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Essential health care

“I love being a mum” Mothers support each other to keep their children healthy in Turkana, Kenya

NOTHERN KENYA - It doesn’t matter where you are in the world, when mums get together we often share ideas and experiences about our babies and what works best for us. With so many online forums, there are many ways for mums to share whether it is virtually, at the mums and tots group, the school playground or surgery.

I recently met a group of mothers in Turkana, a remote desert area in northwest Kenya, who belong to mothers groups that support one another and learn about the best ways to look after their children in areas of health, particularly nutrition, and hygiene. Turkana is a region where malnutrition rates among children under five are extremely high.

Mentor mothers making a difference

Rebecca Aroto Erupe, 38, is a single mum to five children aged 15 months to eight years old. She is also a group leader at the Lomunyankirionok group. “We meet once a month every Saturday,” she says. The 30-strong group was formed in January last year. As a “mentor mother” Rebecca also spends time with new mums sharing her own experiences and promoting best practices in child care, “We have learned a lot from the IRC trainers about the importance of breast feeding exclusively in the first six months and hygiene and cleanliness,” she says. “As the leader of the group I encourage the other mothers to accept these practices,” she continues.

Rebecca was chosen to become a “mentor mother” because she is well respected in her local community and loves being a mum. “Rebecca has seen how babies are delivered at the hospital, she has attended antenatal clinics and learned about the benefits of breastfeeding, about how to care for infants and young children. Her own children are  healthy,” says Everlyne Owii, IRC’s Nutrition Manager in Lodwar, Turkana. “Rebecca is happy to help other mothers in her community, always ready to share her experience, knowledge and skills on maternal and child care.”

The Turkana people believe that when a woman gives birth she must feed the child goat milk and not wash the child until the umbilical cord dries and falls off. Learning about exclusive breastfeeding has made a huge difference to the community. If a newborn drinks only goat milk and water, they risk severe malnutrition and even death. Mothers were not aware that their milk is all their babies need during their first six months of life.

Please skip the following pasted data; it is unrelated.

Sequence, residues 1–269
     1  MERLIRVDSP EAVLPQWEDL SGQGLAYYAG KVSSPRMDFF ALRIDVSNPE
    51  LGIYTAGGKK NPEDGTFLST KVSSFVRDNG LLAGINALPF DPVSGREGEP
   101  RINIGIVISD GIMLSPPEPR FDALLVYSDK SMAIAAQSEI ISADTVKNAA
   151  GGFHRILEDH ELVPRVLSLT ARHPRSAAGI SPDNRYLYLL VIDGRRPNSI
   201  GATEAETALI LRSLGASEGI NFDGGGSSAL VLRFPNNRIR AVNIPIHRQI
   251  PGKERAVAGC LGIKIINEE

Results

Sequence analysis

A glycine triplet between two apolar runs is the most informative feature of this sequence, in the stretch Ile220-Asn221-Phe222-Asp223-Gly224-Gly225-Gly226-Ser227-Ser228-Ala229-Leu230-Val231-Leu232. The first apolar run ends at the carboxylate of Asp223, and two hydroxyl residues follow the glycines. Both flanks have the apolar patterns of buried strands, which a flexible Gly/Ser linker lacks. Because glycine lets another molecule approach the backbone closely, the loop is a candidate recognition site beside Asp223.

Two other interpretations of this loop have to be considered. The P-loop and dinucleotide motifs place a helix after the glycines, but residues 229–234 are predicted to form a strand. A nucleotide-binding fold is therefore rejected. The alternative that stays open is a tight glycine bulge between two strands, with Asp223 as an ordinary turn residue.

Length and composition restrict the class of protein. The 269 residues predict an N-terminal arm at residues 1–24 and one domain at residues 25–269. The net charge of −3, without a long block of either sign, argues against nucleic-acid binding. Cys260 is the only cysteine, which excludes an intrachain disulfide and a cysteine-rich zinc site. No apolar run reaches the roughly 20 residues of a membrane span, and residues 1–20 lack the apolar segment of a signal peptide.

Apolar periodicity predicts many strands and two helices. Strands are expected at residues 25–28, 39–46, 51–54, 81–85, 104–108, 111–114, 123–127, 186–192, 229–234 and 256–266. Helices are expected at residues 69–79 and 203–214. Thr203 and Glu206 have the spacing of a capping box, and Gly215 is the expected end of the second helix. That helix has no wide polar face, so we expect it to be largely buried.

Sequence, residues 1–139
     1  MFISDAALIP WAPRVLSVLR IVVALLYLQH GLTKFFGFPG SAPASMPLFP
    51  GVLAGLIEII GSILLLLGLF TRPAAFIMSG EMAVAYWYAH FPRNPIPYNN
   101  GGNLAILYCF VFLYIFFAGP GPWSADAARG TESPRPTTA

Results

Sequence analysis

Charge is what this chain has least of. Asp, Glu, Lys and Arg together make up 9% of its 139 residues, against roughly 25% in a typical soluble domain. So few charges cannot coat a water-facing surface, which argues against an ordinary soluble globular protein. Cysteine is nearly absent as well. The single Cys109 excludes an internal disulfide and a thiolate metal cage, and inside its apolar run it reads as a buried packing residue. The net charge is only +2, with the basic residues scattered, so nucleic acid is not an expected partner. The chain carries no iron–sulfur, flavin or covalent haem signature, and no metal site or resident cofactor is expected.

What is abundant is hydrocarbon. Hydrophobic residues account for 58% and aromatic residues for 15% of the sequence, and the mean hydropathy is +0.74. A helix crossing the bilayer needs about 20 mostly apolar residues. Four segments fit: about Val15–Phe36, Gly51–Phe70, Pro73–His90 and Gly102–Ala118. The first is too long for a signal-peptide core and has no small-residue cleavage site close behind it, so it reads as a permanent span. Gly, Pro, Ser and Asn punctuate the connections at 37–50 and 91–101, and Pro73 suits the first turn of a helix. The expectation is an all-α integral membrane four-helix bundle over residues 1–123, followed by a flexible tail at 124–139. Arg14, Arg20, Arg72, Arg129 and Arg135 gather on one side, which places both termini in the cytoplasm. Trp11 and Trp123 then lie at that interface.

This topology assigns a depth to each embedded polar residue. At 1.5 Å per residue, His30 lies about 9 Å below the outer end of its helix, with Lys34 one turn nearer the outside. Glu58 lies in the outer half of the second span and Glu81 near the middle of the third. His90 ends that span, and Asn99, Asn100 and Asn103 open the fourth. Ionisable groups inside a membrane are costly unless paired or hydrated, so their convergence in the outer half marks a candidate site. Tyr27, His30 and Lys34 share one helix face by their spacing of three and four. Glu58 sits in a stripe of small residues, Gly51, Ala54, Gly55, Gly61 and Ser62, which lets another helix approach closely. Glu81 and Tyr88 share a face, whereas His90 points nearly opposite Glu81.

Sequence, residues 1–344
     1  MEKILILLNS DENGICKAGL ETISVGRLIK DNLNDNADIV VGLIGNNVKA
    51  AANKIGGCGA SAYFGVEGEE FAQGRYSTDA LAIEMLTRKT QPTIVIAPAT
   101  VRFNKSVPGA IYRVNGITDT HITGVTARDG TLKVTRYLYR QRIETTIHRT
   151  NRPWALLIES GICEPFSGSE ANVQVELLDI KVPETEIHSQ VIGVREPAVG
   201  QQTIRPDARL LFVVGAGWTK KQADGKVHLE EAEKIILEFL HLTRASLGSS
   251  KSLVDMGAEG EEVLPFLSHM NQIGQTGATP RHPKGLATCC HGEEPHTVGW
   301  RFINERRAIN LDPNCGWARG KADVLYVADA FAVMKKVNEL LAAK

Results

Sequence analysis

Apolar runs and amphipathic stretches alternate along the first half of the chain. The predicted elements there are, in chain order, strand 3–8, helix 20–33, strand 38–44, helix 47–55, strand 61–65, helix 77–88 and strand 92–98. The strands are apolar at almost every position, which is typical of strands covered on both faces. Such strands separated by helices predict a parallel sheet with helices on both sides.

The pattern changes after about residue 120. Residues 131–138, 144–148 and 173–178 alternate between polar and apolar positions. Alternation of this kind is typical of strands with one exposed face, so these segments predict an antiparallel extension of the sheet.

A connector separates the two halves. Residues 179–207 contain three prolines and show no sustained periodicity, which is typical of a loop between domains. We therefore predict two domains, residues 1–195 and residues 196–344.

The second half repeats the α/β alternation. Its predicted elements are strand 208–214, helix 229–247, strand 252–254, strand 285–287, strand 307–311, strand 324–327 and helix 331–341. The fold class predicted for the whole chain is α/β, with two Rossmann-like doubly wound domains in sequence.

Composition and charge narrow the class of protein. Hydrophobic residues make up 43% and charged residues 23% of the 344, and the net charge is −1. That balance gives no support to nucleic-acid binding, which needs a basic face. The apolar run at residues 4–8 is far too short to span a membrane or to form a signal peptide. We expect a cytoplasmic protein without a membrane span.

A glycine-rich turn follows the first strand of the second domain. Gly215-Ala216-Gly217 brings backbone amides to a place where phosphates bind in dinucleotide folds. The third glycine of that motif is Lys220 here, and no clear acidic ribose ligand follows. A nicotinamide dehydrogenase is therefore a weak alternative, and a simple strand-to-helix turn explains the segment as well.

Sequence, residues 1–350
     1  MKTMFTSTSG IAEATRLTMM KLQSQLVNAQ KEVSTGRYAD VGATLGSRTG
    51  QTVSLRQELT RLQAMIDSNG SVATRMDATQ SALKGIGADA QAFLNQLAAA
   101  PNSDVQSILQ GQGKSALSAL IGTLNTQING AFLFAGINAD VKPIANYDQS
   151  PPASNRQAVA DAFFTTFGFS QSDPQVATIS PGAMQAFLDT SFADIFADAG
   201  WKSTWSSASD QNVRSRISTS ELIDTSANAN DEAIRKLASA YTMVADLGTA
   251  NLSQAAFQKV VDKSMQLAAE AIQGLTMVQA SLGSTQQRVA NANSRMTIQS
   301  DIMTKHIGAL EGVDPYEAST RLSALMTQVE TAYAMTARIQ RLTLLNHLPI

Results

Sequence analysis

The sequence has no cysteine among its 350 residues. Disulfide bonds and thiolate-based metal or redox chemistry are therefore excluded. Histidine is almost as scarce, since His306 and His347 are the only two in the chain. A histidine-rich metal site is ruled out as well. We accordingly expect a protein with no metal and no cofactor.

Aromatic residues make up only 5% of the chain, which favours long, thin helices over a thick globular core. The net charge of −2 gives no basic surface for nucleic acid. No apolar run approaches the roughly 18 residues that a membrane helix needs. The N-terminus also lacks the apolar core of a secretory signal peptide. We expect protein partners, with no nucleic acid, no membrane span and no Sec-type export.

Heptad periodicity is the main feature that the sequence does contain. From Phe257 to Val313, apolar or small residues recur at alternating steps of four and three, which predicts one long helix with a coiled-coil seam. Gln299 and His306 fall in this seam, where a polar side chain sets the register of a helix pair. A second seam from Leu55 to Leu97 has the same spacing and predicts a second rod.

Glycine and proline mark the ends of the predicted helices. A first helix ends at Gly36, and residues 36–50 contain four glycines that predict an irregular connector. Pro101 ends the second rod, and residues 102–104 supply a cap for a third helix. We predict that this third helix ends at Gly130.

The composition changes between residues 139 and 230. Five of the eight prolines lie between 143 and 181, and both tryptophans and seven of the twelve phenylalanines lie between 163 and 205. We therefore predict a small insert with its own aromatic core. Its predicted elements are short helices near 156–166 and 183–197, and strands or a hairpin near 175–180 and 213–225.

Children were also getting sick because of lack of clean hygiene practices. For example, mothers would use their hands to clean their babies bottoms after they pooed, thereby passing on germs, infections and tummy bugs. If mothers did breast feed, they did not clean their breasts and therefore would expose the babies to infection. “Breast milk provides all the food and water that your baby needs during the first six months of life,” says Owii. “Only breastfeeding for the first six months protects your baby from many illnesses such as diarrhea and respiratory infections. Mixed feeding can severely damage your baby’s stomach and reduce their immunity,” she says.

The Turkana are traditionally pastoralists which means they move with their cattle to find pasture. However, the people from Rebecca’s village settled a few years ago after their cattle were stolen, “We were pretty well off because of our animals, but when raiders stole them we were forced to settle here. We rely on fruits in the bush and we are getting health care,” she explains.

Bringing essential health care to women and children

Twice a month an IRC medical outreach team visits Rebecca’s village. Nutritionists and health care staff examine the women and children. It is a busy hive of activity, with antenatal examinations, child nutrition assessments, dispensing of medicines and general health consultations. “The mobile dispensary has helped me a lot. My child was malnourished when she was very young, so she was given plumpynut. She has also been immunised. I really thank God for this organisation that has helped me nurture this child,” she says, “The other children did not benefit when they were younger because the programme was not there. But she has been receiving a lot of care,” she continues.

The Mother to Mother groups and nutrition and health programmes are part of an IRC-led consortium of four organisations called ENSURE – Enhancing Nutrition Preparedness, Surveillance and Resilience – funded by the UK Department for International Development (DFID). Its aim is to address malnutrition among children under the age of five in Kenya. There are currently 41 mother to mother support groups in the Turkana region. By January 2014 the IRC had immunised and provided healthcare to 6,080 children under five and supported 2,598 women through healthy pregnancies, as well as helping them to learn how best to take care of their newborns.

Being a mum means everything to Rebecca, “I love being a mum. I love my children. I really would like more so that when I’m old at least I know that one of them will care for me in my old age,” she laughs. She also enjoys seeing how mums in the group develop and change their behaviour towards their babies once they have gained important knowledge, “They have learned so much and have changed so much for the better and for their children,” she says.

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